DREAMY POP SINGS OF HEARTBREAK AND HOPE
It was a sold out crowd at the caves and concert goers turned up early to try to secure their spot to see the mastermind of The Japanese House solo project, Amber Bain.
For a band that has only just released its debut LP 18 days previous to this show its impressive to see such invested fans already caught up in their love for the music. Though this isn’t the whole of the story for this music project. The truth is there are 4 EP’s that were released, from 2015-2017, under the project and with song “Cool Blue” featuring in the hit Netflix series “13 Reasons Why” The Japanese House have managed to refine a sound that reimagines a well worn dreamy alt-pop sound for modern audiences. Notable contributors to this distinctive studio sound include the likes of The 1975’s George Daniel.
The performance begins with a quick intro played over the PA of Fleetwood Mac’s “Everywhere” then the lights dim and the backing band emerges to modest applause. Then emerges Amber onto the stage and the audiences reaction is appropriately warm as they welcome her taking centre stage and immediately becomes to focal point of the act.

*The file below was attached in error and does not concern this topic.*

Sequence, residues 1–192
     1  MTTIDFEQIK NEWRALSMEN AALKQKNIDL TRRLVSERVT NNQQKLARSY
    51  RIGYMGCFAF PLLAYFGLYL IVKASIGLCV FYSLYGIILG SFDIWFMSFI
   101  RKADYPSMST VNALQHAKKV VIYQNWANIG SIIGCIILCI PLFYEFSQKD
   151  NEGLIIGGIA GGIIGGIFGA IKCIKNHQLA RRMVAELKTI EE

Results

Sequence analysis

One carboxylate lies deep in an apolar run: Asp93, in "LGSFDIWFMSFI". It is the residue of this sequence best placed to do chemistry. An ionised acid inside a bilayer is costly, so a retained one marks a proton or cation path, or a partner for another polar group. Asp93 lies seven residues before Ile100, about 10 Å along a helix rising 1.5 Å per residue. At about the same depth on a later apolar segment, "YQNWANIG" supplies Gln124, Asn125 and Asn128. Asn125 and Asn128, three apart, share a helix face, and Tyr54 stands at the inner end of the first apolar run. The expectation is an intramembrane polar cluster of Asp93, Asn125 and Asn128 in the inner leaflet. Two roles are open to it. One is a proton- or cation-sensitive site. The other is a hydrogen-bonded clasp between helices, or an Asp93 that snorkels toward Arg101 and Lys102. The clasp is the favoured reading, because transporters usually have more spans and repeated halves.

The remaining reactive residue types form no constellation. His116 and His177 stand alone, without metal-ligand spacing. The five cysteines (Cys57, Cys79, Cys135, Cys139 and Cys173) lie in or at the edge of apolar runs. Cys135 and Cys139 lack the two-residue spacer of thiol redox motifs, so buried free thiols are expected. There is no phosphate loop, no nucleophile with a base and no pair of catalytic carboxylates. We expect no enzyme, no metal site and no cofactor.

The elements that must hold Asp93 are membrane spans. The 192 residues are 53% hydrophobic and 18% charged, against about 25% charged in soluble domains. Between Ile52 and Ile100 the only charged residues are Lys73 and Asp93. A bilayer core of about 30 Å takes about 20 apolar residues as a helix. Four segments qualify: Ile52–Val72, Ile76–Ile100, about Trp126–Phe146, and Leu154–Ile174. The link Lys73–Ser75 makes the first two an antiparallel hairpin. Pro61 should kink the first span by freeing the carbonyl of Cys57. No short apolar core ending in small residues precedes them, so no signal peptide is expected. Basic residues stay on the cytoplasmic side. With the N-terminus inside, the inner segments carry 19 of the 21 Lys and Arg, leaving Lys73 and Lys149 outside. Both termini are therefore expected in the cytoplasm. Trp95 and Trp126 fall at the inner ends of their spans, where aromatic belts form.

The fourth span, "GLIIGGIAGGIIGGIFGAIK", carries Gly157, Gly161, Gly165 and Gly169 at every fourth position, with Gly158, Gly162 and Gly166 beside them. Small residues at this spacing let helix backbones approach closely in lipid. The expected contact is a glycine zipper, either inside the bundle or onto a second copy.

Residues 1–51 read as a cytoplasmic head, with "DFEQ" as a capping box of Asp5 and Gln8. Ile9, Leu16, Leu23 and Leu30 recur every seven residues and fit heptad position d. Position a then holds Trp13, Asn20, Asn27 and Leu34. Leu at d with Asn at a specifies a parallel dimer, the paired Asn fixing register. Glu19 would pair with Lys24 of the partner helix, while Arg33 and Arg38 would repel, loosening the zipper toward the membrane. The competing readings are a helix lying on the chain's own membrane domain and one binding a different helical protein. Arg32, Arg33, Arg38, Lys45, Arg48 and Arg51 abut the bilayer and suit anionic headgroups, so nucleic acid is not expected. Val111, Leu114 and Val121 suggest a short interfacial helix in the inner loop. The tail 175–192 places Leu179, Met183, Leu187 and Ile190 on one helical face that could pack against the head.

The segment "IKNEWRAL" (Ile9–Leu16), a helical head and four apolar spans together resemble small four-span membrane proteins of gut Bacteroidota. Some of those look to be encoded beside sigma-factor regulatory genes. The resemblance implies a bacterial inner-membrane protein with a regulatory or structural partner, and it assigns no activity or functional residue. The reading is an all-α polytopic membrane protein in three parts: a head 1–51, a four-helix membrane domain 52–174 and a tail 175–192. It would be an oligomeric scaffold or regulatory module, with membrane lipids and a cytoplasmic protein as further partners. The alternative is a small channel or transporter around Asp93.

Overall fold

The set list manages to deftly dip into both the back catalogue and more recent release’s. Song’s such as ‘Lilo’, ‘Saw you in a dream’ and ‘We Talk All the Time’ are impressively recreated and sound just as full bodied live as their recorded counterparts.
And while it may seem hard to play an album that’s less than a month old for a sold out show the crowd were very receptive and managed to sing along all the way through the well paced tight set that covered the project’s 4 year discography.
Perhaps the only thing that seemed a misstep was the surprisingly sparse stage. For a music project that has built such a strong aesthetic across not only its social media but also through its album artwork and various merchandise the lack of proper staging seemed oddly absent.
Perhaps this was simply a limitation of the admittedly small stage space but a simple pastel layout, or other, would’ve elevated the whole stage show to a next level. Perhaps this will be resolved once they progress into larger venues, which they no doubt will judging by how well the performance in Edinburgh went down.
This show displayed a musical project that manages to translate a collection of impressive studio recordings to the stage and grabs hold of the audiences attention not through the usual rock clichés but with enchantingly smooth performances that resonate with the audience.